enter image description here

  • \$\begingroup\$ What do you mean if the electrode is wider around the loop, then the inductance will be smaller? Is the loop a real physical thing in this case or something imaginary to help us with analysis? So the area of the electrode plate matters, the smaller, the smaller the inductance? \$\endgroup\$
    – Shocked
    Aug 24, 2021 at 10:58
  • \$\begingroup\$ @Shocked The loop is a real thing: Current enters your cap through one lead, then goes through it along its internal electrodes and through the dielectric, and finally out the other lead (usually close by the first lead). So there is a loop area spanned by these "waypoints". The smaller this loop (the smaller the capacitor typically), the smaller the ESL. Even for the same loop area, one can bring down ESL however by using a wider electrode that leads around the loop. Large electrodes and small loop -> low ESL. \$\endgroup\$
    – tobalt
    Aug 24, 2021 at 11:02
  • \$\begingroup\$ Could you find (if possible) a diagram of this happening, loop area, and its relationship with the area of the electrodes? I find it difficult to see what is going on here, especially the loop area for a cap because I see no loop in my mind. \$\endgroup\$
    – Shocked
    Aug 24, 2021 at 11:08
  • \$\begingroup\$ I also have to say that current does not go through the cap, and if it does, then you do not have a good cap (it is broken). The whole idea is that current does not pass via the cap in the way you expect. The charges stay on either side of the cap (on the electrodes) but do not pass through the dielectric. \$\endgroup\$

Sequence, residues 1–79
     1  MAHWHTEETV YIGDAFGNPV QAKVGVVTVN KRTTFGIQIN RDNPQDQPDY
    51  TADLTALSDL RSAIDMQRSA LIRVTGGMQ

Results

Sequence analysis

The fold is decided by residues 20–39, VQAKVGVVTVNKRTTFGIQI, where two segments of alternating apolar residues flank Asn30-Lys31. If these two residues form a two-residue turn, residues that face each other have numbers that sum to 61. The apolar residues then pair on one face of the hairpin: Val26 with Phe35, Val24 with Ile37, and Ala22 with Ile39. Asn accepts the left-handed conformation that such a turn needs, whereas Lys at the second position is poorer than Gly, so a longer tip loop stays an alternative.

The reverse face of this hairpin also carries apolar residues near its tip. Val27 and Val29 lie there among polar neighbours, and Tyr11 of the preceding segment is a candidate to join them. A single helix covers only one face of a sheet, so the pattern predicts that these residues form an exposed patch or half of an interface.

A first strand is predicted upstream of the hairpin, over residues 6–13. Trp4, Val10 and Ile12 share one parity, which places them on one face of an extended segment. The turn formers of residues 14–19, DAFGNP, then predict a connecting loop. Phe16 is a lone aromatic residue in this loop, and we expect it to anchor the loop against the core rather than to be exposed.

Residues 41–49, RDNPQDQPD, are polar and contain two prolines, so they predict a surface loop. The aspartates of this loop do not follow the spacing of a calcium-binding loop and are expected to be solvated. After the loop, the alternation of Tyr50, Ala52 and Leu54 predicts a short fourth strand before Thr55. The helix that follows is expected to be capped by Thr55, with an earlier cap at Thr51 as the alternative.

– Shocked
    Aug 24, 2021 at 11:12
  • \$\begingroup\$ @Shocked we are talking ESL so this is obviously about AC current, which for all intents here does go through the cap, although - of course - no single charge carrier travels across any dielectric. I'll update my answer about the loop areas. \$\endgroup\$
    – tobalt
    Aug 24, 2021 at 11:18

The easiest way to measure the self inductance of a capacitor is to use it to shunt a signal being supplied from some modest impedance signal generator (like 50 or 600 ohms, whatever test gear you have access to).

Vary the signal frequency, and measure the voltage across the capacitor.

  • At low frequency, the capacitive reactance is high, and the signal will be large.
  • At very high frequency, the capacitor will be very low impedance, and the reactance will be dominated by the parasitic inductance of the capacitor, the signal will again be large.
  • At the resonant frequency of the capacitance and the parasitic inductance, they will cancel each other out, and the capacitor will appear to be only its losses, which could be very low impedance, and the measured signal will be at a minimum.

Compute inductance from the resonant frequency and the known capacitance.

  • \$\begingroup\$ Is this method also safe for electrolytics due to the weak drive or must they be DC biased? \$\endgroup\$
    – tobalt
    Aug 24, 2021 at 8:55
  • \$\begingroup\$ @tobalt I have done this with electrolytics, and I usually measure two identical ones, so that they can both be biassed properly. \$\endgroup\$
    – Neil_UK
    Aug 24, 2021 at 9:29